Posted by: notdeaddinosaur | November 22, 2014

Which One Did I Send?

Middle-aged lady, twenty pounds overweight.

Doing everything I can, doctor. Everything imaginable. Diet: I eat practically nothing. Exercise: all the time! Weight Watchers doesn’t work. Jenny Craig, South Beach, the Zone; I’ve tried it all. Nothing works. Have to lose weight. Have to lose weight.

Yadda yadda yadda.

Oh look: a few years back I diagnosed you as hypothyroid and gave you some Synthroid. Are you taking it?

Nah; I stopped that. I just didn’t want to take it.

Hm. Send some blood work. Low and behold: TSH is 7. That’s high, and it means her thyroid is underactive, which is probably a big part of why she’s having so much trouble with her weight.

She’s asked to be notified by email, so I sit myself down at my little keyboard and compose:

Labs are back; report attached. Cholesterol, sugar, blood count all fine. BUT: I don’t want to hear one more word from you complaining about not being able to lose weight IF YOU DON’T TAKE THE DAMN SYNTHROID. Your TSH is 7. That’s hypothyroidism. Until we get you titrated to a dose that gets your TSH below 2, nothing is going to change, including difficulty losing weight. So put your big-girl panties on and let me know where you want me to send a new prescription for synthroid. Then get back here in 6-8 weeks for another TSH. Dig?

But my finger hesitated over the SEND button. Could I really send that?

I hit SAVE DRAFT and started over:

Labs are back; report attached. Cholesterol, sugar, blood count all fine, but the TSH is still a little high. I really think you should try the synthroid again. It’s almost certainly the reason you’re having so much trouble with your weight. Why don’t you let me know what drugstore you use so I can send a new synthroid prescription. Then we can check another TSH in about 6-8 weeks. Okay?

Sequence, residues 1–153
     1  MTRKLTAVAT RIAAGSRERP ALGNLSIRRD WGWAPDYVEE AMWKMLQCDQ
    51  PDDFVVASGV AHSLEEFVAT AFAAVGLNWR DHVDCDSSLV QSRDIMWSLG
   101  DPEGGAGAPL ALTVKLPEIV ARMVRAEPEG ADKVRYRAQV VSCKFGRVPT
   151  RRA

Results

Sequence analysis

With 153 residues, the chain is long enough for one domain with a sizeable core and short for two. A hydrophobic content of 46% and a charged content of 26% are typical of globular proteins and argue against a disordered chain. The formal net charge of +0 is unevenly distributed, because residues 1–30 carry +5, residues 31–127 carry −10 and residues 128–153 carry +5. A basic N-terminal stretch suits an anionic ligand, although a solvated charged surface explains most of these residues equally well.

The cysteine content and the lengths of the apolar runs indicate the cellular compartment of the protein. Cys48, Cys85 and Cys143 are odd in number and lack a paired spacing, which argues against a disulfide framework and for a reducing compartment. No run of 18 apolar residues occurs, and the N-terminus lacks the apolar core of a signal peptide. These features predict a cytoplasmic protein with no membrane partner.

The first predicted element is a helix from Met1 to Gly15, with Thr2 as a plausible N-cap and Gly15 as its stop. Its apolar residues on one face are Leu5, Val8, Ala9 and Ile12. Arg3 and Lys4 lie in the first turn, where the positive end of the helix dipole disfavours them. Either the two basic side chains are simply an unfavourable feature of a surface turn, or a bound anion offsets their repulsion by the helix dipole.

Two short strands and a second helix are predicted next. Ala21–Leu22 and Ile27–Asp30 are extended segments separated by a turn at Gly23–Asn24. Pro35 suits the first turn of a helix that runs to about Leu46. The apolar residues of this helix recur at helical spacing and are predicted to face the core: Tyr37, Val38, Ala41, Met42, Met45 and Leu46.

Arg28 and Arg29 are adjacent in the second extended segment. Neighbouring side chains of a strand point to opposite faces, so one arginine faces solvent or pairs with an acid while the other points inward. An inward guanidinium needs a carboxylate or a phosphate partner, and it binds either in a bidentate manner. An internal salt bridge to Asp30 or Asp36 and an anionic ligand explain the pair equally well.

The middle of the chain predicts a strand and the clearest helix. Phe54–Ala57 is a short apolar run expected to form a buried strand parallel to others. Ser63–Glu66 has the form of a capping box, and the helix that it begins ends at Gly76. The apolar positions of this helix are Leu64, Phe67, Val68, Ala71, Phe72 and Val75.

I read both versions over again. Back and forth. Over and over.

Then I hit SEND.

Guess which one?

Advertisements

Responses

  1. You sent the second one. The first one was venting. But if the patient was in your office, you might ‘speak’ the first one. Xo

    >

  2. It is less likely to work when it isn’t used: http://bit.ly/140SKGi

  3. I know you really wanted to send the first one, but probably sent the polite one instead.

    Part of me also wonders: even though the thyroid is clearly an issue, would tracking her actual calories reveal that maybe she’s not following those diets as closely as she thinks?

  4. Oh, I do hope,it was the first one.

  5. I don’t know which one you sent, but if I was the patient I would want you to send the first one.

  6. Seeing as I have never once heard a doctor say “put your big girl panties on”, and I certainly have deserved it, I’m betting on #2.

  7. I have what I call a venting file labeled LETTERS WRITTEN BUT NEVER SENT and that is where the first version belongs. I long ago read a story where Abraham Lincoln told a young man who had written.a nasty letter and then asked how he should send it “Don’t, You never want to send such a letter.” Sage advice, and what’s good enough for old Abe, is good enough for me.

  8. […] Which One Did I Send? […]

  9. I had an OBGYN try to manufacture a subclinical hypothyroidism case out of me because their “well woman exam” tests showed that my TSH was slightly elevated, as it had been during another test years before (about 6 or 6.5, IIRC). I asked the cubicle fauna who phoned to breathlessly inform me of this what the normal upper limit was and she said snippily and grudgingly: “Four and a half, but people are USUALLY symptomatic over TWO!” (Their office wouldn’t manage the recommended drugging, so it was ideology rather than profit motivating the testing.)